#062: Roundtable – Popstars and Power Outage

Pandora adds a paid subscription option with perks. Walmart gets rid of its DRM’d songs. Emusic moves beyond the indie market and stirs controversy. File-sharing is now a part of the Twitter-verse. The podcasters revisit last weeks interview with David Gray and discuss how pop music plays into the world of indie music for better and worse. Your calls, tweets, and comments. Plus in unexpected power outage leaves Kevin, Chris and Robert in the dark. They finish out the podcast in a battery powered fin-alley with lots of laughs.

Recommended in this podcast: Anvil: The Story of Anvil

  • http://www.robertleeking.com Robert Lee King

    Great podcast guys also glad to hear you enjoyed the Anvil movie!

    On a side note, thank you also for making this podcast listenable here on the cdbabypodcast page. Since my stuff was stolen last week all I have left is any ancient win2k machine so iTunes is out for me.

    Unrelated word of advice for everyone. Get an alarm system for your residence. Write down serial numbers for everything and if possible photograph or video tape all your gear as well. And the big one I forgot, backup on removable media that you can store off site. That cost me 10 years of work. Don’t make my mistake.

  • http://www.ballardpop.com Darren Riley

    Really enjoyed this one guys. To be honest, I always enjoy the round table podcasts as it’s where the listener can build a relationship with CD Baby, but I suppose without the other, more informative and less casual podcasts you’d have nothing to talk about.

    I’m still not totally convinced about the X-Factor style of show but it was a very good comment from Rob or Chris (sorry, I can’t remember who said it) about the artist being at their peak the moment the final show is broadcast and from there on it’s downhill.

    It is true that good, honest, artistic music can exist in an entirely seperate parallel universe without commercialised, trend-led pop music having much of an impact but I sometimes wish radio and TV would recognise that.

  • http://www.huffmusic.com Chris Huff

    Hope you guys have “found the light”! Once at a place I used to work somewhere near Philadelphia, the computer systems went out on Fri Dec 29th for the whole day. This included all the printers. Apparently it was a virus uploaded from a client file. The “most fun” part was when people started to discover working printers elsewhere in the building and weren’t telling anyone else about them – it was every person for themselves!

    I would love to hear a show about recording, gear, and home studio recording techniques! But that is because I am a recording geek.

    Just attended a conference at my alma mater in Connecticut on the TV/film industry. All weekend the theme was creativity vs. commerce. Joss Whedon spoke; he’s a great example of someone who has managed to tread that line in his career. I think this applies to music as well – there needs to be a balance between “what is my own personal story” and “who is the audience and what do they want?” In music today, so often the stories being told are of supposed extreme personal relevance but to the outside ear seem mightily irrelevant. Refer to Kevin’s comment about 80’s hair bands two ep’s ago here.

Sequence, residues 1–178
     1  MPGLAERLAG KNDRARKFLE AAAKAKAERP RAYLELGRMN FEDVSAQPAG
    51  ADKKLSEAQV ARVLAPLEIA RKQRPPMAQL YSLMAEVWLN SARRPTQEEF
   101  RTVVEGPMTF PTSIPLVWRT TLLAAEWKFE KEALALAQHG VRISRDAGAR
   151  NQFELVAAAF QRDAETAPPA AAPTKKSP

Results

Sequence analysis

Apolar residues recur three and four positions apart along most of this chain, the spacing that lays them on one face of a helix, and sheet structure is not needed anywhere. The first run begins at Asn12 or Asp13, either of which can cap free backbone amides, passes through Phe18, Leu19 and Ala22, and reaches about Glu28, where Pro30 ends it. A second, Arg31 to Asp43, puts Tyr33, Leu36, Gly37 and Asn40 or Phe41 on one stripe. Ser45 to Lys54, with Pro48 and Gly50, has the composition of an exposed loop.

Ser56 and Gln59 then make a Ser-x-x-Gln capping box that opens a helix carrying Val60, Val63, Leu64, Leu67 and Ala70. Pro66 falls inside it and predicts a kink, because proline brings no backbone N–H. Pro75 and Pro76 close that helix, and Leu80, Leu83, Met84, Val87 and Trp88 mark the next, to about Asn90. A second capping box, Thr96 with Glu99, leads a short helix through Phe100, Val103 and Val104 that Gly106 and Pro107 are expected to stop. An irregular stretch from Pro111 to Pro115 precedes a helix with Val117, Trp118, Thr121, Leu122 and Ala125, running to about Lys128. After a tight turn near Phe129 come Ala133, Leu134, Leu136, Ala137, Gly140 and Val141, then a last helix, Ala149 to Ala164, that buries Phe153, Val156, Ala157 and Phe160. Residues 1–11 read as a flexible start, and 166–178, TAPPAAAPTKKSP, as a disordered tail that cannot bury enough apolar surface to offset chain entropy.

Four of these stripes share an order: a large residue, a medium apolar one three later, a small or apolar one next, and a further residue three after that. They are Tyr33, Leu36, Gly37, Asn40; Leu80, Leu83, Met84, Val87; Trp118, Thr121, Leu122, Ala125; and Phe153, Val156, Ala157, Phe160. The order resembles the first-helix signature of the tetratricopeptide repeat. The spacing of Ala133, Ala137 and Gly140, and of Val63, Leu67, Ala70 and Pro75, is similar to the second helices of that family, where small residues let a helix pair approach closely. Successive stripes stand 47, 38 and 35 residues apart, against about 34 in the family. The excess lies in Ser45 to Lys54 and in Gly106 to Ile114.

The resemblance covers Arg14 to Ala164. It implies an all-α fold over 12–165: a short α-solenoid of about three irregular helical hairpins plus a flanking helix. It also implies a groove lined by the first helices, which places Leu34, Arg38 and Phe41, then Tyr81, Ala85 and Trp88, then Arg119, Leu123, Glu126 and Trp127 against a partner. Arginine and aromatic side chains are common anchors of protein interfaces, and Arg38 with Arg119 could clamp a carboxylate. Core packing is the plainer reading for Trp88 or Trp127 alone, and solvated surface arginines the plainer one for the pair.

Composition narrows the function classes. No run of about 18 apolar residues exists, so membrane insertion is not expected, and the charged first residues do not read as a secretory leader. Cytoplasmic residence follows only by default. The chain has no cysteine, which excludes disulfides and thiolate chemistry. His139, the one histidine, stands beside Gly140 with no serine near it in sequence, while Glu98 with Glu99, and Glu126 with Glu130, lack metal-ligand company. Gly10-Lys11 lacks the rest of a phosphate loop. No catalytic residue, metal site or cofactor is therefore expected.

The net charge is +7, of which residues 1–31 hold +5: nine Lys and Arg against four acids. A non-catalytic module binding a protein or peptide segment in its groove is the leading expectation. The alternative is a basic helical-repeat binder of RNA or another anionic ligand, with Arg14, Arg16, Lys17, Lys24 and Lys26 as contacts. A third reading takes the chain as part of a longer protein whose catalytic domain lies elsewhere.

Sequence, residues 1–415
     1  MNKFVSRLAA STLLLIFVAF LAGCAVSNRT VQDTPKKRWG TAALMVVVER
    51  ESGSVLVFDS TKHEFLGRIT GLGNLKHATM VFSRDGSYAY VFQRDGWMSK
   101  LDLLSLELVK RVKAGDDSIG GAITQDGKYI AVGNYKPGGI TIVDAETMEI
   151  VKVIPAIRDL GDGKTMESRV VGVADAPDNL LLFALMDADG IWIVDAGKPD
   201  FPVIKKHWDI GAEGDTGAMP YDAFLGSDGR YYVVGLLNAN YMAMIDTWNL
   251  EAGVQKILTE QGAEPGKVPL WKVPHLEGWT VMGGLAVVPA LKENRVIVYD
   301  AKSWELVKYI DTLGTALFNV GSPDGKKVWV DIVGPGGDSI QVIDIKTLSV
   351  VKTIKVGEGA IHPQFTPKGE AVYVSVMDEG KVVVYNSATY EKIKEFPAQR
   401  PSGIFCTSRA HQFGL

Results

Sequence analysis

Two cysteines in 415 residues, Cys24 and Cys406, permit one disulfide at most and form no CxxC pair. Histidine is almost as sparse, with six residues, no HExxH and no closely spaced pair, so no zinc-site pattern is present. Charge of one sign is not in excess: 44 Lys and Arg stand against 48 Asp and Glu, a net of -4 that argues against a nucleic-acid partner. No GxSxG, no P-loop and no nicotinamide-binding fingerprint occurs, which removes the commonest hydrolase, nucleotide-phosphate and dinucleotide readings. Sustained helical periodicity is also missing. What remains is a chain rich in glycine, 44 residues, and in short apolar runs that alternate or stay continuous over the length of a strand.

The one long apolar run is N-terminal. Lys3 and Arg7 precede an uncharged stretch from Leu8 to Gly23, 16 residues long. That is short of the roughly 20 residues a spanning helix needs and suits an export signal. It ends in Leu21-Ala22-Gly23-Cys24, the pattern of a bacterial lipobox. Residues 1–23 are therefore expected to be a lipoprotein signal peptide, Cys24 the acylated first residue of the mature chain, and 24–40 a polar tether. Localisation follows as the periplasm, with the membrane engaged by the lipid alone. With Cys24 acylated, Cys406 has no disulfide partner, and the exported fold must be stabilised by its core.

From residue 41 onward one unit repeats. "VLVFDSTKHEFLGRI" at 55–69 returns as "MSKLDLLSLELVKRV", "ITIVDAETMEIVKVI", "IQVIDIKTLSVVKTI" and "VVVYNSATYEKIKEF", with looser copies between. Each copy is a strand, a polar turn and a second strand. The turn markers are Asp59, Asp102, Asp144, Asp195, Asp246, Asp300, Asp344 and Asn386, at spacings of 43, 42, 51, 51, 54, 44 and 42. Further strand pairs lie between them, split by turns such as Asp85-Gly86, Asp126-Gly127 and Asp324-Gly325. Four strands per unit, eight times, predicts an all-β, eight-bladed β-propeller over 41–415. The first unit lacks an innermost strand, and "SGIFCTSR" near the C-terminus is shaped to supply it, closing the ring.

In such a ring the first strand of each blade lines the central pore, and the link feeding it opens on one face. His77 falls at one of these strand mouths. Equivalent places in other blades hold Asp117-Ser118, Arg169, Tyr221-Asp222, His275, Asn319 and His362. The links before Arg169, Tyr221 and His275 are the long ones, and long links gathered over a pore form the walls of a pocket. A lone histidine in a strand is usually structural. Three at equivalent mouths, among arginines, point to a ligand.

Thanks for slugging it out in the dark! Great episode.

  • Robert Bolton

    Thanks Darren! Glad you like the Roundtables :) They’re fun for us too. I think it may have been I, who said that about the career path of contestants peeking and then dwindling. The path of an indie artist may sometimes feel like Sisyphus’ constant struggle with that infernal boulder as he pushes it up a steep hill, but in the end, it’s the journey and experiences, not the gold records that makes the life of a musician worthwhile.

  • http://positionnormal.com Chris Bailiff

    I love the early stages of shows like “Britain’s got Talent?” Some of the funniest and entertaining acts I’ve ever seen. There was one boy from northern England who mumbled whilst picking his nose. You never get to see these kind of acts normally. Not even in the pub karaoke. I am no doubt just a novelty seeking idiot but a lot of “real musicians” look down their noses at every other type of music apart from their own and refuse to see the funny side of their own or others attempts at just having a go.

  • http://www.myspace.com/lordalexian Alexian

    Hey guys,
    I was flying back from Puerto Rico yesterday, and I finally got to this episode. (I usually listen to them in the car.)

    I had almost forgot that I had called in. :)

    Just wanted to thank you for playing my crazy story on the podcast.

    I am a Berklee College of Music graduate, and I have learned things from your show that I never learned at Berklee back in the late 80s… obviously, because the “game” has changed so much since then. :)

    Keep up the great work!

    I can’t wait to CATCH UP and be CURRENT on your episodes! LOL!

    Alexian :)